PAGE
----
JOHNSTON, R.I. (WPRI) – Victor Colella wears his heart on his sleeve.
The 96-year-old has been afforded the golden opportunity that comes with being a nonagenarian: the freedom to be wholeheartedly and unabashedly authentic.
It was only fitting that on a drive around his Johnston neighborhood Wednesday, Frank Sinatra’s “My Way” started playing on his car radio. Colella’s fingertips seized the volume nob and cranked up the sound so Ol’ Blue Eyes’ voice boomed inside the cab of his sedan.
“I sing along sometimes,” Colella said.
Born in 1923, Colella now leads what he describes as a simple life. He makes trips to the bakery for fresh bread, dines at a familiar restaurant each week, listens to his favorite music (Sinatra and Ella Fitzgerald are held in particularly high esteem) and follows his beloved Yankees.
He cooks and cleans, too, and makes sure his home is spic and span. When he has to leave the comfort of the modest house his family built, he plans it carefully, driving short distances and only after 10 a.m. when traffic has decreased.
One of his regular routines includes taking his son, Richard, 64, to bimonthly blood tests to monitor the cancer he’s been fighting. Richard uses two canes to walk, and moves slowly and deliberately.
“I feel hurt,” Victor said through tears during a recent interview with Eyewitness News. “I feel sorry for him.”
The elder Colella doesn’t hide his emotion. It’s likely why his recent appearance before Providence Municipal Court Judge Frank Caprio became a viral sensation after it aired on Caprio’s syndicated television show, “Caught in Providence.”
Colella ended up in court after one of those trips with Richard. Navigating the back roads of Providence, Colella triggered a school zone speed camera. He was going five to six miles an hour over the posted limit of 25. He got a citation in the mail.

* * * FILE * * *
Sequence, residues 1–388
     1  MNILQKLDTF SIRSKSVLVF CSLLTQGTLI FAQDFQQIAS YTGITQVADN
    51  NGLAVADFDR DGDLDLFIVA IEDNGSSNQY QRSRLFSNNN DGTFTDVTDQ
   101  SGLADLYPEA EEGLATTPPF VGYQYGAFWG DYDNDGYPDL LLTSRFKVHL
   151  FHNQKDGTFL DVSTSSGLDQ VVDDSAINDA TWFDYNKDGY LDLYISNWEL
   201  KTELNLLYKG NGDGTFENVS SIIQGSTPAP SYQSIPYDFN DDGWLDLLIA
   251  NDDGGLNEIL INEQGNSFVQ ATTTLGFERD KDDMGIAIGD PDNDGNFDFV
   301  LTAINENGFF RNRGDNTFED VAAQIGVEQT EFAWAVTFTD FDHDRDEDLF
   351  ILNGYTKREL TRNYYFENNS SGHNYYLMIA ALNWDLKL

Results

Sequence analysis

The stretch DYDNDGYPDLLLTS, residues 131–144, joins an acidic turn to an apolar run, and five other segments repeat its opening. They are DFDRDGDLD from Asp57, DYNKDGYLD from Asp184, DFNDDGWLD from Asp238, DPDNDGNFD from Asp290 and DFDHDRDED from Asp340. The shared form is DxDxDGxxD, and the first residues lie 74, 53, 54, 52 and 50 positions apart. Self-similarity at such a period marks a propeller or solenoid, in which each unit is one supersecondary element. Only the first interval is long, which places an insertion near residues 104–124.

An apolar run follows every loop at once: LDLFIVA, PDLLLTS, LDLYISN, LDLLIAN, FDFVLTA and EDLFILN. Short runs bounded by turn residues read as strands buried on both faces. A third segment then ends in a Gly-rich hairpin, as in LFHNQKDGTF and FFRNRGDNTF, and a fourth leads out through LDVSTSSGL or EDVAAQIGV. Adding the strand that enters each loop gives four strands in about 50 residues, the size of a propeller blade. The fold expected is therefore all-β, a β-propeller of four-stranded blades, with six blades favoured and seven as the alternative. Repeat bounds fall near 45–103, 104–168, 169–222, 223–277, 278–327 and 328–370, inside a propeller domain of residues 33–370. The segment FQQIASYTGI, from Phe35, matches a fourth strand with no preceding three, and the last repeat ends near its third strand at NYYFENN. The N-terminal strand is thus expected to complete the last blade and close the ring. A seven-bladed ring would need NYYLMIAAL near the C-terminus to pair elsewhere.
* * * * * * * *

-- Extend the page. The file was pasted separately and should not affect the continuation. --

“I read the darn thing and I said, ‘What the heck is this?’ It said, ‘You were speeding 30 miles an hour in a restricted zone,'” Colella said. “When I read the bottom and it said $75, I said, ‘$75? I’m not going to pay that! I’m going to court and I’m going to object to it.'”
On the day of his hearing, Colella waited for 45 minutes for Caprio to call his name. Then he plead his case.
“I don’t drive that fast, judge,” he said. “I’m 96 years old and I drive slowly, and I only drive when I have to. I was going to the blood work for my boy. He’s handicapped.”
Caprio asked, “You were taking your son to the doctor’s office?”
“I take him for blood work every two weeks because he’s got cancer,” Colella said, and then paused. He sat stooped, holding a microphone that he didn’t know was being used for the television show. His lip trembled.
Caprio, touched, tossed out the ticket.
“I wish you all the best,” the judge said. “I wish the best for your son. And I wish you good health and your case is dismissed. Good luck to you and God bless you.”
Colella went home and thought about nothing more than his good fortune — until his neighbor asked for his autograph.
“He said, ‘You’re a celebrity!’ I said, ‘What do you mean I’m a celebrity?’ He said, ‘Could I have your autograph?’ I thought he was busting me!” Colella recalled with a smile.
Then Colella’s phone started ringing. Family and friends had seen him on television or online, where the video was being viewed and shared by millions of people across the globe.
His story about caring for his sick son, even at his advanced age, pulled at the heart strings of strangers near and far. For Colella, the passage of time doesn’t mean a father stops taking care of his children.
“They took care of me,” he said, wiping away tears. “One hand washes the other.”